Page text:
While horses have been used throughout history as a friend and mode of transport to man, not all horses have a myth or legacy. Certain horses however, horses who have performed unbelievable feats or simply been in the right place at the right time, have become the protagonists of folk tales that continue to be passed down thought he ages. Here are some of those horses, and their stories.
In this inventive 1877 English novel, a horse named Black Beauty narrates the tale. Throughout the book, Beauty tells his life story, from being born on an English farm, to his move to London where he pulled taxi cabs. The story teaches lessons in animal welfare through the life-like narration of Black Beauty and the many good and terrible people he encounters throughout his life.
This huge, black horse belonged to Alexander the Great and helped him during his campaigns in Persia. The legend goes that Alexander was given the horse at age 13, because no one else was able to tame the wild beast. Alexander promised that he would pay the asking price, should he be unable to break him. Alexander succeeded in taming him, and Bucephalus became his life-long partner.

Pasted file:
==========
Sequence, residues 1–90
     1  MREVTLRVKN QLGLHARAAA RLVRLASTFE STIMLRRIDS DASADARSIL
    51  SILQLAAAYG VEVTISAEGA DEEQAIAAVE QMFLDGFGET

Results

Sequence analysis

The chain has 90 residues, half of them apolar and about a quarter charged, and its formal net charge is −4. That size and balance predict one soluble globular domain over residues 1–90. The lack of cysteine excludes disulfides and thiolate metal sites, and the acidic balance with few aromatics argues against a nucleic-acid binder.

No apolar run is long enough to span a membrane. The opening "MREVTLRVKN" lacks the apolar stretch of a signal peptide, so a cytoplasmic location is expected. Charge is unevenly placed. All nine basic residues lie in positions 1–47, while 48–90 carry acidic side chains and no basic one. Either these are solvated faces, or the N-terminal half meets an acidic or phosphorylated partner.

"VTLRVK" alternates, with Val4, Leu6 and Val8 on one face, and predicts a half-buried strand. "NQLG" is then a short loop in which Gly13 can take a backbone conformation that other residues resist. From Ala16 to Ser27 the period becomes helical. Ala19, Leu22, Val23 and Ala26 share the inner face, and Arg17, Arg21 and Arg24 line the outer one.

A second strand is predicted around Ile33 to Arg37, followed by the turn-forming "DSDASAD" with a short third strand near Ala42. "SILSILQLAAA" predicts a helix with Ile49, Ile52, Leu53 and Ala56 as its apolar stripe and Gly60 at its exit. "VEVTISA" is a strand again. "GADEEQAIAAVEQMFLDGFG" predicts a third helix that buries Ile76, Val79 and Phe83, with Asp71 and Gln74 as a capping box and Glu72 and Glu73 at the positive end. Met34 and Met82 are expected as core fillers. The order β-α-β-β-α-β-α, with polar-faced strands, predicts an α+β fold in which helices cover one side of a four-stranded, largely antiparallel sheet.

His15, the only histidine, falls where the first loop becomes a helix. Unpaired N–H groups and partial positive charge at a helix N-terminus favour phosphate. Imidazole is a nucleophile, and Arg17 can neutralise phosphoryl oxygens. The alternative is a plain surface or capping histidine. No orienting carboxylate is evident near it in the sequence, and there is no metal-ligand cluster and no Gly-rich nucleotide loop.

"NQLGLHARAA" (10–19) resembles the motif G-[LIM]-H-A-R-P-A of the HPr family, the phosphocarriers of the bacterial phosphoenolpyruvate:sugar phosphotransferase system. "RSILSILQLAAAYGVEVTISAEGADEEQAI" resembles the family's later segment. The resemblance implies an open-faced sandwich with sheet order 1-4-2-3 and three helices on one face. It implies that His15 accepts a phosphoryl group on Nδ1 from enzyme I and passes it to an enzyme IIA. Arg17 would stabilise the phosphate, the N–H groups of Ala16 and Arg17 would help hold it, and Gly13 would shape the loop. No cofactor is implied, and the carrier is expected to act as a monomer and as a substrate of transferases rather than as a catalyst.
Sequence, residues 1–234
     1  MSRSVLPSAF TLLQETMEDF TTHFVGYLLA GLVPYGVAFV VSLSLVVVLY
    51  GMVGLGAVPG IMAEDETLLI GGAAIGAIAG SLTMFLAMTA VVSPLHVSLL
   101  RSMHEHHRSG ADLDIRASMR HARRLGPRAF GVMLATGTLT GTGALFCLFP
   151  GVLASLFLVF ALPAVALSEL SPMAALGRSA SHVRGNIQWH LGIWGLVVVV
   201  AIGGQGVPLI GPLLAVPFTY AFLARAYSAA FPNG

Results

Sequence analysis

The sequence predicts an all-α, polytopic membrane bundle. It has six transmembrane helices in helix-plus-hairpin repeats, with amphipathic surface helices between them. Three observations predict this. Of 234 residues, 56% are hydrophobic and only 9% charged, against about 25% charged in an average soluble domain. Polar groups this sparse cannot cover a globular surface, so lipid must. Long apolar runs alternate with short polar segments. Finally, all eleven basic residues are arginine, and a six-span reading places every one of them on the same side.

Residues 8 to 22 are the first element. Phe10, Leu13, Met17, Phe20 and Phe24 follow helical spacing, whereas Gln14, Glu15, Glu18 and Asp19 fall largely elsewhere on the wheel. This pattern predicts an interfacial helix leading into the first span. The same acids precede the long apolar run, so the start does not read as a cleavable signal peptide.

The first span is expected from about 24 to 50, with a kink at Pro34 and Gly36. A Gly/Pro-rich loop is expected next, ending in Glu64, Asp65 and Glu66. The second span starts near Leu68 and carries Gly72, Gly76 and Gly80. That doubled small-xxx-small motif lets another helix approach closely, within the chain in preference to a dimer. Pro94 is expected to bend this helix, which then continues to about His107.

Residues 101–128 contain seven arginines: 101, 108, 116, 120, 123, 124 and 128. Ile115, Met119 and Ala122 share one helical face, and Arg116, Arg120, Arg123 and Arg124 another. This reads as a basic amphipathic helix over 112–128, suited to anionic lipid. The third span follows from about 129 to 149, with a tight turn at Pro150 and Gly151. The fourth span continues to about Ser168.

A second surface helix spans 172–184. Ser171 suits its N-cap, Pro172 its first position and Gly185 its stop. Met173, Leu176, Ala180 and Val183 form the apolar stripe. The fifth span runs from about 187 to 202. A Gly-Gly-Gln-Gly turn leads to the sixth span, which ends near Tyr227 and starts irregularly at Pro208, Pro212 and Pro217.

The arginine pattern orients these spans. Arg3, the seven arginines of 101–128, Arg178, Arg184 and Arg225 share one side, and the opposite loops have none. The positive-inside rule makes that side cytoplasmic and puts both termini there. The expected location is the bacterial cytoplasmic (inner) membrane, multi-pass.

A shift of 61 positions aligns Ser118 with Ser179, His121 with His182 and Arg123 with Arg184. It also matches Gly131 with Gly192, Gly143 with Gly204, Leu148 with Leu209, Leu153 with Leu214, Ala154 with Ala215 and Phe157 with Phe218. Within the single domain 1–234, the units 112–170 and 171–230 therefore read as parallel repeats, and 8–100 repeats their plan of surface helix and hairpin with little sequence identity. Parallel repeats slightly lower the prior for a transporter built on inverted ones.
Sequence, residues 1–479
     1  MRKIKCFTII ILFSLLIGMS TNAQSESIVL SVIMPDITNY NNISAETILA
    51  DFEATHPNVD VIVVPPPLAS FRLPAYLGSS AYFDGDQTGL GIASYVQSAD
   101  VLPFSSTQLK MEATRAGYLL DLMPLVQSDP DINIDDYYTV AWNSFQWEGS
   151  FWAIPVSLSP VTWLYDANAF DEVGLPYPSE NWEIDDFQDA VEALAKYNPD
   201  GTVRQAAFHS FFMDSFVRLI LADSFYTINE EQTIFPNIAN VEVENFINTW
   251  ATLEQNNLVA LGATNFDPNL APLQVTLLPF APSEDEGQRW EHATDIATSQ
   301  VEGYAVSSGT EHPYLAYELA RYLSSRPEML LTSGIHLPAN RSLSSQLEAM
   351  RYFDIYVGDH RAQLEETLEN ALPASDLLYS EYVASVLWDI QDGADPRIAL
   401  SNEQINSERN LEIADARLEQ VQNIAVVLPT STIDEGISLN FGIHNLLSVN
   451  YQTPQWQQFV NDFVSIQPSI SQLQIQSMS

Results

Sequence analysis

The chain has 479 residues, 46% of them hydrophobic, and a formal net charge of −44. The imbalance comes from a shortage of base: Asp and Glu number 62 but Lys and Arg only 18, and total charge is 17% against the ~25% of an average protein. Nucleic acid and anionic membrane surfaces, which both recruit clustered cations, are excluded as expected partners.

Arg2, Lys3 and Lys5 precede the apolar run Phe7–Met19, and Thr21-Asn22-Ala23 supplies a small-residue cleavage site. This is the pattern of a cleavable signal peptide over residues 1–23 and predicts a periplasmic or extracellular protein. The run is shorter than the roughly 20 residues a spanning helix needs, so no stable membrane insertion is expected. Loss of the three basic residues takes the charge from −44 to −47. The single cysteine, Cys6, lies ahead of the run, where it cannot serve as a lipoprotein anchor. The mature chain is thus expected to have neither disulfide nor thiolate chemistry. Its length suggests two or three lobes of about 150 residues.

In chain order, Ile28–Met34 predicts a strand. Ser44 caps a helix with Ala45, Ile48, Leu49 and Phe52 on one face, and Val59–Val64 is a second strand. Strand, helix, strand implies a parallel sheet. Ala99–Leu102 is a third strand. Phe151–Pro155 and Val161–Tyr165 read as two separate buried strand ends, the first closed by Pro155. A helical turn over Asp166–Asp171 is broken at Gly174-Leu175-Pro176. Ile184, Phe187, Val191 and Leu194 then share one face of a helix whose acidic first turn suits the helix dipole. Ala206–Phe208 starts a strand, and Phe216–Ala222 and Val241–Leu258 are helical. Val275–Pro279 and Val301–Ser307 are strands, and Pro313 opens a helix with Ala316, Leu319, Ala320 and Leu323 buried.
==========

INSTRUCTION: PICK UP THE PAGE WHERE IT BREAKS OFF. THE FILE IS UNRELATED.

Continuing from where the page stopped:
If you haven’t seen the major motion picture about Seabiscuit, then you probably don’t know his inspiring tale. This thoroughbred horse was born in the ’30s, during the height of the Great Depression. As a colt, he was weak, small, and prone to napping for long periods. When Seabiscuit got hooked up with the right trainer, Tom Smith, he shed his not-so-brilliant past and became an incredibly successful race horse. The horse’s early trials and later success became a symbol of hope for many people during the depression.
Don’t let this horse’s humble name fool you. In 1901, this former milk-wagon horse became used as a vessel for producing diphtheria antitoxin serum, which was then distributed as a vaccine to the public. Unfortunately, after Jim contracted tetanus, his era as a boon to public health was over, and he had to be put down.
Old Billy is the longest lived horse on record. Born in England in the 1760s, he lived until the ripe old age of 62. During his lifetime, Billy was used to pull barges up and down the English canals, before the rise of steamboats. His taxidermied head can be seen on display at the Bedford Museum in England.